Ocean Rider Seahorse Farm and Tours | Kona Hawaii › Forums › Seahorse Life and Care › Compatability › Dear Jay:
You’re very welcome to any information I can provide that will help you to better care for your seahorses when you’re ready to stock the new tank, sir!
With an aquarium of 30 gallons up and running for your seahorses, I do think the captive-bred-and-raised Mustangs and Sunbursts (Hippocampus erectus) from Ocean Rider are the best choice for your first seahorses.
It would be difficult for you to maintain an adequate feeding density of copepods or newly hatched brine shrimp (Artemia nauplii) for the dwarf seahorses (Hippocampus zosterae) in an aquarium of 30 gallons, and even if you are able to do so, the swarms of copepods or baby brine shrimp could become a source of irritation for the mature Hippocampus erectus.
For instance, this is what Mildred Bellamy has to say regarding copepods in her famous book Encyclopedia of Seahorses:
“Although nonparasitic themselves, some copepods may still contribute to the death of fishes maintained in close-system aquaria by affecting respiration adversely. This condition is brought about by clogging of the gills or, in the case of the seahorse, the gill tufts, to a point were actual suffocation occurs in the fish involved. Copepods are prolific individuals indeed and, in the closed-system aquarium particularly, they may reproduce so rapidly as to almost stagger the observer who dips a sampling of water from the aquarium and examines it microscopically.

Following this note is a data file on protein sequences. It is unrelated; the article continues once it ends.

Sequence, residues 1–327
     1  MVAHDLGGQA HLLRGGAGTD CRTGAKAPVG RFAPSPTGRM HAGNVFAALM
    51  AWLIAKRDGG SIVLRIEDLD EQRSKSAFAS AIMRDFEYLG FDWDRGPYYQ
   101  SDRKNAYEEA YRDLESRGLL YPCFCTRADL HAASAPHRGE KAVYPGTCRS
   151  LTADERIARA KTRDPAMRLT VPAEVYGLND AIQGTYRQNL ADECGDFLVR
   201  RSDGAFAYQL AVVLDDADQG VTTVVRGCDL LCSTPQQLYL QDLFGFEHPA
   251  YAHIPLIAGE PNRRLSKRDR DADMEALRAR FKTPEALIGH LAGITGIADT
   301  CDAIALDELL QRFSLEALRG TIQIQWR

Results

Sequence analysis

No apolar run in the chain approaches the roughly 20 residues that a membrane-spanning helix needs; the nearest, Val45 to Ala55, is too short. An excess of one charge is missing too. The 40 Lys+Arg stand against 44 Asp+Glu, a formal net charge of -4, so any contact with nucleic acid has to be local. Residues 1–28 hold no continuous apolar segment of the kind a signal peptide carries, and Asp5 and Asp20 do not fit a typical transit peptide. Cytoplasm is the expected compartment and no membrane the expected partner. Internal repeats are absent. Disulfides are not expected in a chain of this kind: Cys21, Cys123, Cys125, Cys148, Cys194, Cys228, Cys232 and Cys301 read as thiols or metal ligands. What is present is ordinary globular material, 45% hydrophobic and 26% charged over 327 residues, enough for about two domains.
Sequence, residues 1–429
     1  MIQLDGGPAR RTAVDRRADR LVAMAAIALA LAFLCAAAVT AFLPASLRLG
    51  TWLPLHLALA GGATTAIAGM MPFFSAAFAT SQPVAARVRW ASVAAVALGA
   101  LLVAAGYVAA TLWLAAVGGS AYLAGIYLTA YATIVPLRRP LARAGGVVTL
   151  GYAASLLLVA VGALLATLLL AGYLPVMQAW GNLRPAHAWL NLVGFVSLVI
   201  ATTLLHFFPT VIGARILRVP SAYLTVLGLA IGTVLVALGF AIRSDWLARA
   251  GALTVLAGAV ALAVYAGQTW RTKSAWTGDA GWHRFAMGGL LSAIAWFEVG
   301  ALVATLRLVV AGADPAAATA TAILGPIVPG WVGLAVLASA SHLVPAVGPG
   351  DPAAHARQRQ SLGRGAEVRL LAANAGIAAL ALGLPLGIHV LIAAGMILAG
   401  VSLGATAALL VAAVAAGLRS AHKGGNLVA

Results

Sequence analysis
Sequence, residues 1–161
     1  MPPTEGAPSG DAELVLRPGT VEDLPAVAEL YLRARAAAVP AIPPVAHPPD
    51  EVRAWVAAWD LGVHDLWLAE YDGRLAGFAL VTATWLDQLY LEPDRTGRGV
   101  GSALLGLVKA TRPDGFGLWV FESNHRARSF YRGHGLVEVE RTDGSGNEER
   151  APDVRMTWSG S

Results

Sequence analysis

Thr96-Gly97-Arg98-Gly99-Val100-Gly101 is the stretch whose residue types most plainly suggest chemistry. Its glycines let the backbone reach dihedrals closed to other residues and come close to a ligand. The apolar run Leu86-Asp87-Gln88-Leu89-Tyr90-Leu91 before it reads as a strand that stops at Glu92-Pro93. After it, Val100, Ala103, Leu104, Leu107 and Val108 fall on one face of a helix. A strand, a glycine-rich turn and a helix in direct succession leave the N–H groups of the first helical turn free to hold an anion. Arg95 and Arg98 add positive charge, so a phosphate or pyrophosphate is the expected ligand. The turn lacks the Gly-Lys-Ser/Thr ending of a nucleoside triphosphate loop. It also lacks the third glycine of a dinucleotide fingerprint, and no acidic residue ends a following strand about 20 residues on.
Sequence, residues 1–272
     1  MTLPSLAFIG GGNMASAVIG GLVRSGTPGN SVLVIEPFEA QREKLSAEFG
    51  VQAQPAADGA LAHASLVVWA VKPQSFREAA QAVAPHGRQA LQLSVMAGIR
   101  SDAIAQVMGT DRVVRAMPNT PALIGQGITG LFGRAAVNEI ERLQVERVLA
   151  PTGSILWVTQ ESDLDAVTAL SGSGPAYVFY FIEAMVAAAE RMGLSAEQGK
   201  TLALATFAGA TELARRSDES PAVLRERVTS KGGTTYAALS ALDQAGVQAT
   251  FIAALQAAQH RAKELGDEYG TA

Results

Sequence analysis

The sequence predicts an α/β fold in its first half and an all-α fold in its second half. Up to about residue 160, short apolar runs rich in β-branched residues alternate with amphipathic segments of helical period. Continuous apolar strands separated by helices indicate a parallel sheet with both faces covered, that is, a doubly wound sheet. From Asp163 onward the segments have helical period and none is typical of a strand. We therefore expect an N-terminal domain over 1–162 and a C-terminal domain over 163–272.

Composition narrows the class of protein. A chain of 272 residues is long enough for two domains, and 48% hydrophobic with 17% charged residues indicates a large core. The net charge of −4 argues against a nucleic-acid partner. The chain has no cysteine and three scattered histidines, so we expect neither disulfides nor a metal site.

Likewise, Paul Anderson describes the sort of irritation that can result to the larger seahorse species when copepods are too abundant, Jay:
One of the problems I faced in my bare-bottom seahorse laboratory setup was numerous harpacticoid copepods that I often saw crawling around my seahorses. Though the copepods are not parasitic, I would see the seahorses rubbing up against holdfasts, presumably due to irritation from the copepods. I found an obscure reference that stated that harpacticoid copepod populations in tanks tend to be more numerous in bare bottom tanks than in gravel-bottom tanks, perhaps because the substrate is more difficult to navigate or otherwise not conducive to the life cycle of the copepod.
This might be something to think about when considering bare-bottom vs. gravel bottom tanks.
On the other hand, I agree with the cleaning advantages of a solid bottom, especially considering seadragons often have their snouts in contact with the bottom when feeding on frozen mysis.
So I do think it would be best for you to make your new 30-gallon set up a species tank for Hippocampus erectus, rather than attempting to mix the larger erectus and the diminutive dwarf’s (Hippocampus zosterae) together.
The zosterae are certainly fascinating in their own right, Jay, but would fare better in a smaller specialty tank all their own.
In the meantime, your copepod cultures and batteries of brine shrimp hatcheries used for raising your clownfish will be invaluable for you when you’re Hippocampus erectus begin breeding, sir. Mustangs and Sunbursts are prolific ponies, and if you are able to raise clownfish successfully, I do think you will eventually have good results rearing baby seahorses as well.
Best wishes with all your fishes, Jay!
Pete Giwojna, Ocean Rider Tech Support